Auditor General’s contract renewed

Auditor General Dan Duguay had his contract renewed for another three years last week.

Mr. Duguay’s three-year contract, which was his first, expires at the end of next month.

In August, Mr. Duguay advised the Governor’s Office that he was interested in having his contract renewed and he heard last Thursday that it would be.

Mr. Duguay was pleased with the development.

‘Both my wife and I are very happy here,’ he said. ‘We consider it our home and we look forward to continuing to live here.

‘I’m also glad to have the opportunity to continue doing this job.’

During his first term, Mr. Duguay raised the profile of the Auditor General’s office much higher than it had been previously by readily talking to the media about his reports and various other aspects of his position.

One of the accomplishments of his first three years that he is most proud of is the change he helped bring about with regard to how reports of the Auditor General are made public.

In the past, Auditor General reports would only be publicised after the Public Accounts Committee reviewed the report and made another report based on its own investigation.

In 2006, after Mr. Duguay lobbied for change, the Cayman Islands Government amended Legislative Assembly Standing Orders to allow the Auditor General’s reports to become public as soon as they are completed and sent to members of the House.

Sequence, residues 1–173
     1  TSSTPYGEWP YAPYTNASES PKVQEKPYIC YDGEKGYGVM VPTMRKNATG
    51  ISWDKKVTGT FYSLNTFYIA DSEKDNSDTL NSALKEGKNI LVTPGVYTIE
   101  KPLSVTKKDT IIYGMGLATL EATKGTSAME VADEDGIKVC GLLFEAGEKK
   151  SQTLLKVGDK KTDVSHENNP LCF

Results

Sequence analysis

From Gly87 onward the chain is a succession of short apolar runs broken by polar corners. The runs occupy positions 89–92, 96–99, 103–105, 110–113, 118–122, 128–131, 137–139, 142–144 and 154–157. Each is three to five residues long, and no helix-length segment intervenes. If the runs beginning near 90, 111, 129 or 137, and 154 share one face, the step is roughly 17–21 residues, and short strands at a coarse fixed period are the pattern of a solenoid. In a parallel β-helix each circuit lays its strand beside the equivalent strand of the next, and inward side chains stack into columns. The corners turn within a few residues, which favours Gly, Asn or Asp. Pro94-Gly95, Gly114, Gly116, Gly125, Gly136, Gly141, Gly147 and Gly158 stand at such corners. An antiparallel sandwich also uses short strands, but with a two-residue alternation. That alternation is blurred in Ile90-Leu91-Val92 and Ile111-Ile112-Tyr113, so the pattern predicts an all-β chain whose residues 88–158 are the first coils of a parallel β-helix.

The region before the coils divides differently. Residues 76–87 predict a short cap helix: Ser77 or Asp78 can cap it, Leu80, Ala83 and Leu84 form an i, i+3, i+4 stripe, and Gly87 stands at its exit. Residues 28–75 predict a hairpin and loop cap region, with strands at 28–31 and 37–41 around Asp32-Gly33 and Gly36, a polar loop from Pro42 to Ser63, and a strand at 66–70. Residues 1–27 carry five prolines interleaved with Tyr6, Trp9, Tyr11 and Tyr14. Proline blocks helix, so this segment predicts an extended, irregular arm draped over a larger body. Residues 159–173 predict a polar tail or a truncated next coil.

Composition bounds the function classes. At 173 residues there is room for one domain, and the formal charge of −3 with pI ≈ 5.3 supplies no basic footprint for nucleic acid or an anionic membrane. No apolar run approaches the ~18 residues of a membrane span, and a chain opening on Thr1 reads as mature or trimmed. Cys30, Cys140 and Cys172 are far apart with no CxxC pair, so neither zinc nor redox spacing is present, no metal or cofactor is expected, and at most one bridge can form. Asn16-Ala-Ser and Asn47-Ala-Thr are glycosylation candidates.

‘I’m very happy it got accomplished because people need information on a timely basis,’ Mr. Duguay said. ‘The way we had it before, there were long delays from the time the reports were completed until they were made public.

During the next three years, Mr. Duguay has another ambitious accomplishment in mind: seeing Public Accounts Committee meetings held in public.

‘One of my goals for the next term is to work with the Public Accounts Committee to accomplish that,’ Mr. Duguay said. ‘The idea is that it’s the public’s business and if there is going to be debate over the Auditor General’s report, the people should have access to those discussions.’

Mr. Duguay said the topic of open Public Accounts Committee meetings was discussed at the Congress of the Caribbean Organization of Supreme Audit Institutions held in the Bahamas last October.

‘It’s increasingly the norm in other jurisdictions,’ he said. ‘Places like Britain and Canada are doing it and are encouraging others to do it, too.’

Another British Overseas Territory jurisdiction looking at opening up its Public Accounts Committee meetings is Bermuda, Mr. Duguay said.

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